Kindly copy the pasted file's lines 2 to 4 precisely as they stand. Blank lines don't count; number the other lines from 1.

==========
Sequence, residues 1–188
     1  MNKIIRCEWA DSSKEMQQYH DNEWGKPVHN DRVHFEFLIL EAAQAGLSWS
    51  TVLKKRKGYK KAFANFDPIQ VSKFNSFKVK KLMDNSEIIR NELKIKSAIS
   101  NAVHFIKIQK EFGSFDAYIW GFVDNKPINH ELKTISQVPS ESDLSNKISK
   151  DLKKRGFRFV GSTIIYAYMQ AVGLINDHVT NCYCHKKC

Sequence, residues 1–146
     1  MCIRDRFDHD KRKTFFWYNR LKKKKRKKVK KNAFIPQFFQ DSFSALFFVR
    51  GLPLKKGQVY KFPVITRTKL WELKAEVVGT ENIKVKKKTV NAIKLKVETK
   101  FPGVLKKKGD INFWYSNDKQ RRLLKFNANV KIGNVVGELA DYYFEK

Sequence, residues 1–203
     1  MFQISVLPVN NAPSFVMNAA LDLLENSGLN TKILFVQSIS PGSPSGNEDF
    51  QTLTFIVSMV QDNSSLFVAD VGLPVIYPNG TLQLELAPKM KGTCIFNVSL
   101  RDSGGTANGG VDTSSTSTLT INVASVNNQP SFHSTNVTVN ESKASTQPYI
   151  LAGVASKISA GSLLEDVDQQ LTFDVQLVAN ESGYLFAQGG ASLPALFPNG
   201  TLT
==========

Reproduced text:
     1  MNKIIRCEWA DSSKEMQQYH DNEWGKPVHN DRVHFEFLIL EAAQAGLSWS
    51  TVLKKRKGYK KAFANFDPIQ VSKFNSFKVK KLMDNSEIIR NELKIKSAIS
   101  NAVHFIKIQK EFGSFDAYIW GFVDNKPINH ELKTISQVPS ESDLSNKISK